Protective - ventilation strategy in the acute respiratory distress syndrome  [PDF]
Bumba?irevi? Vladimir ?.,Bukumirovi? V.,Popovi? Nada,Nikoli? V.
Acta Chirurgica Iugoslavica , 2004, DOI: 10.2298/aci0403045b
Abstract: Acute lung injury (ALI) and acute respiratory distress syndrome (ARDS) contribute to progressive hypoxemia in critically ill patients. It has been proved that conventional mechanical ventilation with physiological respiratory volume contributes to further lung damage. In this respect, application of protective ventilatory strategy - pulmonary ventilation with limited volume and pressure can avoid mentioned consequences. The aim of this paper is to discuss mechanims by which elements contained in protective mechanical ventilation of patients with ALI/ARDS prevent further progrssive lung injury, to argue the effects of positive end - expiratory pressure and present insturctions for its application.
Neuroleptic-induced acute respiratory distress syndrome
Soriano, Francisco Garcia;Vianna, Elcio dos Santos Oliveira;Velasco, Irineu Tadeu;
Sao Paulo Medical Journal , 2003, DOI: 10.1590/S1516-31802003000300007
Abstract: context: a case of neuroleptic malignant syndrome and acute respiratory distress syndrome is presented and discussed with emphasis on the role of muscle relaxation, creatine kinase, and respiratory function tests. case report: a 41-year-old man presented right otalgia and peripheral facial paralysis. a computed tomography scan of the skull showed a hyperdense area, 2 cm in diameter, in the pathway of the anterior intercommunicating cerebral artery. preoperative examination revealed: ph 7.4, paco2 40 torr, pao2 80 torr (room air), hb 13.8 g/dl, blood urea nitrogen 3.2 mmol/l, and creatinine 90 mmol/l. the chest x-ray was normal. the patient had not eaten during the 12-hour period prior to anesthesia induction. intravenous halothane, fentanyl 0.5 mg and droperidol 25 mg were used for anesthesia. after the first six hours, the pao2 was 65 torr (normal paco2) with fio2 50% (pao2/fio2 130), and remained at this level until the end of the operation 4 hours later, maintaining paco2 at 35 torr. a thrombosed aneurysm was detected and resected, and the ends of the artery were closed with clips. no vasospasm was present. this case illustrates that neuroleptic drugs can cause neuroleptic malignant syndrome associated with acute respiratory distress syndrome. neuroleptic malignant syndrome is a disease that is difficult to diagnose. acute respiratory distress syndrome is another manifestation of neuroleptic malignant syndrome that has not been recognized in previous reports: it may be produced by neuroleptic drugs independent of the manifestation of neuroleptic malignant syndrome. some considerations regarding the cause and effect relationship between acute respiratory distress syndrome and neuroleptic drugs are discussed. intensive care unit physicians should consider the possibility that patients receiving neuroleptic drugs could develop respiratory failure in the absence of other factors that might explain the syndrome.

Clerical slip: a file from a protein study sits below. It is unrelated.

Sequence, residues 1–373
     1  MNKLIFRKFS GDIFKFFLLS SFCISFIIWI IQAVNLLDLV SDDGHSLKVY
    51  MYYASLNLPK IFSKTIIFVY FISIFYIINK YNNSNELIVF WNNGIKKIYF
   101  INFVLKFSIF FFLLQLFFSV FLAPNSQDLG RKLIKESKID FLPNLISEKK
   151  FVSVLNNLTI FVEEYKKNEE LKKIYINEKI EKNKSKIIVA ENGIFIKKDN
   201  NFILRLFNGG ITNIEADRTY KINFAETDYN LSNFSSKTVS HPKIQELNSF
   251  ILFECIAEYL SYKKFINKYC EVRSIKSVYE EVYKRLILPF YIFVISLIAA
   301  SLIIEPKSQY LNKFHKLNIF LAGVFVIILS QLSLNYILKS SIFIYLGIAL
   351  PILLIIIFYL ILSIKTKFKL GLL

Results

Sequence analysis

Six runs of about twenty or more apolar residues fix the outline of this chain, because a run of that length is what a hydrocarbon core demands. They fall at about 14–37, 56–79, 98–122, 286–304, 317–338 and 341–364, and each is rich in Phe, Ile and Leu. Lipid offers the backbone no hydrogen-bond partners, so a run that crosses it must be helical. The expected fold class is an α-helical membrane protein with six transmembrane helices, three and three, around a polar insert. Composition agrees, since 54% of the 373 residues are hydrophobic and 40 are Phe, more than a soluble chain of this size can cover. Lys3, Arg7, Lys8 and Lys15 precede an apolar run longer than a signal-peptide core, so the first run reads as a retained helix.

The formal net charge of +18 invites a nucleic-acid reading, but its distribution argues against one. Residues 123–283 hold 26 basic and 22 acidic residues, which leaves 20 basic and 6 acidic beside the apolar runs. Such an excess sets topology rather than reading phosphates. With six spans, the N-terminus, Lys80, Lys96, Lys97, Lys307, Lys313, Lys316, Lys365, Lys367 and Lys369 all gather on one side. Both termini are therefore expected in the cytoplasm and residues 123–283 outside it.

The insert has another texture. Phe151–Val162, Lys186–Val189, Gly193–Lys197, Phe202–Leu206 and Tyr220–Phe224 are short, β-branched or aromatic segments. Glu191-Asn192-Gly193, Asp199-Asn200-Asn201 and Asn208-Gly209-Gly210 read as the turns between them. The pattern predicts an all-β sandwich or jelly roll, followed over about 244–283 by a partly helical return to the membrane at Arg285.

Future Drugs for Treatment of Acute Respiratory Distress Syndrome  [PDF]
Afsaneh Vazin,Mojtaba Mojtahedzadeh,Ebrahim Salehifar,Noushin Rastkari